The champagne eyes of children,
That eager gleam therein;
Owl-like ears eager to hear
The tales that he would spin.
The bouquet of his stories
That only bloomed in spring.
His banquet of exaggeration
From giant whales, to boys with tails,
To singing harps and sirens.
From four horned goats, to phantom boats
And vegetarian lions.
The hot-dry desert air suddenly awoke to a chorus of young voices and claps, as if the ever-changing desert breeze had brought with it a measure of cheerfulness. But it did little to neutralise the smells of the market place, a pungent blend of animal dung, rotting vegetables, and offal discarded by butchers, in the bins weaved out of date palm fronds. A large group of excited children outdid the braying donkeys and grunting camels that normally competed with boisterous vendors for attention. The air was saturated with the music of little voices. An occasional gust would make the thick carpet of loose sand rise into a plume, and the Jacobs ladders that penetrated the plume would project monochromatic images upon the veil of dust. Children would chase the stray shadows of passing camels that seemed eager to oblige. Today being Jumma, it was the weekly market holiday and the hullabaloo in the dusty square heralded the arrival of the Peddler.
This Peddler was not like the many other peddlers you may have come across; he was not selling kohl to make women prettier; nor magic powders, talismans, and potions to make the old feel younger; neither trinkets nor coloured bangles, which the young ladies of the village swooned over. He was a peddler of stories.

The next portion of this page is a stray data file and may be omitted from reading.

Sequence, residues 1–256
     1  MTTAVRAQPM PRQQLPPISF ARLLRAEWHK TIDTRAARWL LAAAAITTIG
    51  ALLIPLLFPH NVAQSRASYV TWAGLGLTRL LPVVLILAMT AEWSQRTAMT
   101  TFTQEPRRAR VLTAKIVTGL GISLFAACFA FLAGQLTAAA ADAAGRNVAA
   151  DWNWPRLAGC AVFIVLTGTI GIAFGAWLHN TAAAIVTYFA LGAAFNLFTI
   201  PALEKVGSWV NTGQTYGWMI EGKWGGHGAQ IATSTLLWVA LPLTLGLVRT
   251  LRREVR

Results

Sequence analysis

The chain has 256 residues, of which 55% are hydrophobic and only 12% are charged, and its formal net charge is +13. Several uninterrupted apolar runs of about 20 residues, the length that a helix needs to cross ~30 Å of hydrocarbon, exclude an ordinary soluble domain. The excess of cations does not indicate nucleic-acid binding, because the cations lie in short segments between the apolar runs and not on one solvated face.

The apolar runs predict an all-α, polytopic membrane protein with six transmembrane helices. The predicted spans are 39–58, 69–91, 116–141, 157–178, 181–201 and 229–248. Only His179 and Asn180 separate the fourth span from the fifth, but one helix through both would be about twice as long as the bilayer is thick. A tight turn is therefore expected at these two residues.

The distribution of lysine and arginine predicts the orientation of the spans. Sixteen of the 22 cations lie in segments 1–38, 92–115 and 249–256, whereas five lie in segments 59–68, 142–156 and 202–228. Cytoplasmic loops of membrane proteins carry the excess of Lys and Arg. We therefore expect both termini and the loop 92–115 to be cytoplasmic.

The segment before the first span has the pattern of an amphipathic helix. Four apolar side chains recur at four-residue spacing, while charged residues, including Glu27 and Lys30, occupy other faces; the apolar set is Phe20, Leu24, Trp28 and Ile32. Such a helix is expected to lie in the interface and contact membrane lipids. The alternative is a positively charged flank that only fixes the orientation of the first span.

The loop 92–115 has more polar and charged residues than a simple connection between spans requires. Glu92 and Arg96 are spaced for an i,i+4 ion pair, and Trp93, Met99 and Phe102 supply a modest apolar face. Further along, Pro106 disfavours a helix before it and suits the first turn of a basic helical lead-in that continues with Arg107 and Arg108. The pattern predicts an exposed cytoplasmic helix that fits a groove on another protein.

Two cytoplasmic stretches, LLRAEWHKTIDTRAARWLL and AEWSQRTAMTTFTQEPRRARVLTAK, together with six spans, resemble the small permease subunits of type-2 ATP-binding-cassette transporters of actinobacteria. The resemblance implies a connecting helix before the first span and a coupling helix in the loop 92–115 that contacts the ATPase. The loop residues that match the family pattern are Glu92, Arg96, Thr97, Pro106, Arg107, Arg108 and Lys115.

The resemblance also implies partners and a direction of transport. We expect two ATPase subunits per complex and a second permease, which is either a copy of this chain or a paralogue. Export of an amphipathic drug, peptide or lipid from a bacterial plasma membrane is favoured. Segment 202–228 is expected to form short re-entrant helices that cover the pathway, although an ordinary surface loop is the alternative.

His white beard was long and thick like that of a desert fox, and if he were any shorter, he would have tripped over it. His deep blue eyes were the colour of oceans… not that I had seen one, but I had heard of them in his stories. They lay to the far west, far beyond anyone other than the Peddler had ever travelled. He wore a huge red turban with many twists, and if anyone were to ask him why he wore such a large turban, he would promptly reply with a mischievous twinkle that his magic story chest was swathed beneath those folds. His long green kurta with big orange buttons made of cowry shells could not conceal his enormous tummy, which he carried about with great difficulty. Whenever he broke into a guffaw, a few buttons would pop open and the children would break into peals of laughter. His wrinkled forehead closely resembled the rippled desert landscape. He rode an old donkey whose legs would often buckle under its master’s weight, it voiced its displeasure by braying loudly, which was reciprocated by the old man’s curses. The old man could never get on and off the poor donkey by himself, but he claimed that if he wanted to, he could mount it in a single jump; the donkey brayed loudly in mortal fear, perhaps at the thought, and the children laughed. Many an eager little hand would help him mount the not so eager donkey. Everything about him was comical, but Abbu had warned me – “A man should not be judged by his appearance,” he had said; and this I certainly remembered. I was quite wary of the old man as I was sure he knew some magic. How else could he make the people of our village laugh or cry at will?